Where do you stand?

With scores of Gazans killed by Israel, the position of President Abbas and the PA comes into focus, writes Khaled Amayreh in Ramallah

With Gazans being killed and maimed in the thousands, and with Israel's Deputy Defence Minister Matan Vilnai threatening them a "bigger holocaust", Palestinians -- intellectuals and ordinary people -- are wondering if the present calamity won't unite them, whatever will?

The question is not rhetorical. Israel is taking advantage of the enduring national rift between Hamas and Fatah to wreak as much death and havoc on the Palestinians as the international community -- i.e. the West -- can tolerate, which to say get away with tolerating.

Shamelessly, Israel is telling the world that the killing of children, women and innocent civilians is for the sake of peace and in order to "strengthen" Palestinian President Mahmoud Abbas. Abbas's response to such statements, which only serve to degrade the Palestinian Authority (PA) further in the eyes of the Palestinian people, was an offer to "mediate" between Hamas and Israel.

Akin to Abbas, Information Minister Riyadh Al-Maliki also shirked the burden of national unity in times of necessity, sounding in some measure callous in his response. "We condemn the firing of these futile rockets as much as we condemn the Israeli massacres," Al-Maliki told reporters in Ramallah this week.

Al-Maliki, a former Communist-turned-"realist", further claimed that Hamas was "enabling Al-Qaeda to consolidate a presence in Gaza". President Abbas himself made the same accusation -- which is unfounded -- a few days earlier. These statements have been widely condemned by Hamas as well as by non-Islamist sectors of Palestinian society, with some columnists opining that blaming Hamas amounts to "exonerating Israel" and "inviting an Israeli genocide".

"Al-Maliki is effectively supporting the view that what Israel is doing in Gaza is part and parcel of the worldwide war on terror, and this helps Israel explain its case to the world," wrote one columnist in the Ramallah-based daily Al-Ayam. Veteran Fatah leader Jebril Rajoub reacted as strongly, calling Al-Maliki's remarks " really stupid".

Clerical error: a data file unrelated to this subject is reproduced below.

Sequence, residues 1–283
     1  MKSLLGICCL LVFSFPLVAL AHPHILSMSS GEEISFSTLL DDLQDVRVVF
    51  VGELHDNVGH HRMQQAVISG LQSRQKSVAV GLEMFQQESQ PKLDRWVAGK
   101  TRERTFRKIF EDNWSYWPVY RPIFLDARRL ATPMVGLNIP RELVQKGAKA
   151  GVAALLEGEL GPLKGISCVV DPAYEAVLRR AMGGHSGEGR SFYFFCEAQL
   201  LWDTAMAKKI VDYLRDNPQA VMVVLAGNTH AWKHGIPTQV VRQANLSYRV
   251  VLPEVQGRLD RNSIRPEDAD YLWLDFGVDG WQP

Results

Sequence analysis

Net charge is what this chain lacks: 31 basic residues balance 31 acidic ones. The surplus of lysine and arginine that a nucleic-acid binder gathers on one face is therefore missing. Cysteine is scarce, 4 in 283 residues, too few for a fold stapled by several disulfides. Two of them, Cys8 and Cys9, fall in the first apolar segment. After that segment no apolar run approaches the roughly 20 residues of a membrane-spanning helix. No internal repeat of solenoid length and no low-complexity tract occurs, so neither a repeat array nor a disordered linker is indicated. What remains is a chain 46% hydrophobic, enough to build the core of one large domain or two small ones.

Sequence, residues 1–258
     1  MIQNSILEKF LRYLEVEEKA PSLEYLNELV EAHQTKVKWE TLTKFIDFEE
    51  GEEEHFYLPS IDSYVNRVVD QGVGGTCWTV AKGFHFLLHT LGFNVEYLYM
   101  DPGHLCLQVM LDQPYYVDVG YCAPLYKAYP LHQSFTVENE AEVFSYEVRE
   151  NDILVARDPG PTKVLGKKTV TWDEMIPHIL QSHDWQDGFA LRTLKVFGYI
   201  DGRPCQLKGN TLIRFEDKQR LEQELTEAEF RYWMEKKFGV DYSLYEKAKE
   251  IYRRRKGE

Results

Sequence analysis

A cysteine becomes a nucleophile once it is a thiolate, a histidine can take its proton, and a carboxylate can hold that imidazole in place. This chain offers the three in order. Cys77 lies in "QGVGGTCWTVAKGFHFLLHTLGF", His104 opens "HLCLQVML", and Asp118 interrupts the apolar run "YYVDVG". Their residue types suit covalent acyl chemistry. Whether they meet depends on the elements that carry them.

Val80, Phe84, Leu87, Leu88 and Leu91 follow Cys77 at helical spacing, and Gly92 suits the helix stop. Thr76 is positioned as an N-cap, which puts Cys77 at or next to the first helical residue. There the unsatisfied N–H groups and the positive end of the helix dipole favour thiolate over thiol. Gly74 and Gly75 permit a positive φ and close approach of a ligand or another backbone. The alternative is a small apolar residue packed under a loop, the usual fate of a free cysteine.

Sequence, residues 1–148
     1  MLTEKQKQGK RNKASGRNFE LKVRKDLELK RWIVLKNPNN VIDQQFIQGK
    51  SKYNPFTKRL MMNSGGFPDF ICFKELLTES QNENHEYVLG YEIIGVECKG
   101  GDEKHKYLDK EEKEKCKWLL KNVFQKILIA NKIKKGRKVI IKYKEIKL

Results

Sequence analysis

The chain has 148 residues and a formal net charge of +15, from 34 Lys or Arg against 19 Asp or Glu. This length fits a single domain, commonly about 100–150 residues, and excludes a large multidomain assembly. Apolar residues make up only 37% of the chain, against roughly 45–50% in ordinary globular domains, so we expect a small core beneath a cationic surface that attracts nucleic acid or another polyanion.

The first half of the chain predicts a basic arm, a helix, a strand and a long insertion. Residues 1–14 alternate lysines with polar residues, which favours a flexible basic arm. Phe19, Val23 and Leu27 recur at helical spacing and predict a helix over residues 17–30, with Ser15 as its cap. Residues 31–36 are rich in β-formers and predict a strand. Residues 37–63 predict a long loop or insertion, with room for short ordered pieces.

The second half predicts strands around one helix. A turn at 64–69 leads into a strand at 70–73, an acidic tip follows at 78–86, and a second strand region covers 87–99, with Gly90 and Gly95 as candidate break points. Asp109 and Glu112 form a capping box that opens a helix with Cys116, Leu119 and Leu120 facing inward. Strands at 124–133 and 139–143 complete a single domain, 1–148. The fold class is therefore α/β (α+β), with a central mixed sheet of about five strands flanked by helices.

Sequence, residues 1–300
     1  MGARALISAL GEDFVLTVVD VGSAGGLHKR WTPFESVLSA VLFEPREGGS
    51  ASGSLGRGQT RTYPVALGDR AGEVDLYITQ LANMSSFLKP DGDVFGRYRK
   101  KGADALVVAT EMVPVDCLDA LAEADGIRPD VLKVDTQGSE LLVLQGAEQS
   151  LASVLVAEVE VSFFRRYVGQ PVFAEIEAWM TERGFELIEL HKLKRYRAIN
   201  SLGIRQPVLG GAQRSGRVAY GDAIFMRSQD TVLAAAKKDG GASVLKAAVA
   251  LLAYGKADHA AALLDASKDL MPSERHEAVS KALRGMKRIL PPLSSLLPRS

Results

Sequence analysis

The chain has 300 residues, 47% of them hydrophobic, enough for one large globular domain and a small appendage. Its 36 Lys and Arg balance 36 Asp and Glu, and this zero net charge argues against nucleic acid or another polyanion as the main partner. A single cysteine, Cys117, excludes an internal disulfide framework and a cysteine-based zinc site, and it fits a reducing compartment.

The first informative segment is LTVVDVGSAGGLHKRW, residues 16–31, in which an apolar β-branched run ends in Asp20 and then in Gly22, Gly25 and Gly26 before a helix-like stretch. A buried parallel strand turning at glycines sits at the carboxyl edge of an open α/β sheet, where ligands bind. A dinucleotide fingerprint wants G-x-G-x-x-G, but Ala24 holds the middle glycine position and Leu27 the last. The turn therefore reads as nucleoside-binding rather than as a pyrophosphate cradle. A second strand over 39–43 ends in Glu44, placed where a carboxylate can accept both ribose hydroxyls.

Stupid or not, such remarks undoubtedly undermine further whatever modicum of respect remains for the PA government in Ramallah. Despite Abbas's symbolic suspension of manifestly futile peace talks with Israel, he seems yet unwilling to swallow his pride and reach out to Hamas.

Al-Ahram Weekly asked veteran Palestinian politician Hassan Khreishe why Abbas is still reluctant to reach a rapprochement with Hamas. "Because these people [PA leaders] care more about their own parochial interests than they do about the people's interests," the independent lawmaker said. Khreishe pointed out that the "carnages in Gaza have united the street against Israel". Unfortunately, he added, "the leaders, the politicians, have their own calculations, and it seems that they are awaiting a greater holocaust to realise that they should say 'No' to Israel and the United States."

According to Palestinian columnist Hani Al-Masri, the PA is reluctant to enter into any new partnership with Hamas for two main reasons. First, a new partnership with Hamas would raise the "ceiling of Palestinian demands", especially with regard to Jerusalem and the right of return, which would be unacceptable to Israel. "Israel would then argue that it could not negotiate with a government that includes in its ranks a terrorist organisation that doesn't recognise Israel's right to exist," Al-Masri said.

Second, a Fatah-Hamas rapprochement would likely lead to the reinstitution of American-led international sanctions on the Palestinian Authority as well as the possible cancellation of most or all of the financial assistance pledged by international donors at the Paris conference three months ago.

But even these rationales, which may have some superficial logic, are in the final analysis mere excuses and pretexts, especially in the absence of any meaningful progress towards ending the Israeli occupation. Indeed, Israeli leaders themselves are making no secret of the fact that in addition to trying to topple the Hamas government in Gaza, the main strategic motive behind Israel's atrocities is to clear opposition to a "compromise solution" or "realistic peace deal", which of course means "peace" on Israel's terms.

Israel's terms entail the final liquidation of the Palestinian problem. Of this, despite all supporting evidence, Abbas appears ignorant. Two weeks ago, one Palestinian writer asked Abbas in a private conversation about what alternatives the Palestinian leadership was considering in case peace talks with Israel failed. Baffled, Abbas reportedly admitted that this was "a confusing, embarrassing and frustrating question for which I have no answer".

Perhaps the reason Abbas has no answer relates to the hundreds of millions of dollars the Bush administration has invested in building-up and maintaining the PA regime. This week, Secretary of State Condoleezza Rice, who arrived in Cairo Tuesday, is expected to hold talks with Abbas in Ramallah where reportedly she will warn him against "rebuilding bridges with Hamas", pressing instead for the peace process to resume.

Adding to the woes of Abbas, American magazine Vanity Fair published a meticulously researched exposé of PA coordination with the Bush administration in the months leading up to the countercoup that Hamas staged in Gaza in June 2007. The lengthy article alleges that Abbas and his aide Mohamed Dahlan actively conspired with the US administration to provoke civil war in order to bring down the Hamas government.

The following are excerpts from the article:

"Dahlan worked closely with the FBI and the CIA... Dahlan says he warned his friends in the Bush administration that Fatah still wasn't ready for elections in January [2006]... 'Everyone was against the elections,' Dahlan says. Everyone except Bush... The elections went forward as scheduled. On 25 January, Hamas won 56 per cent of the seats in the Legislative Council.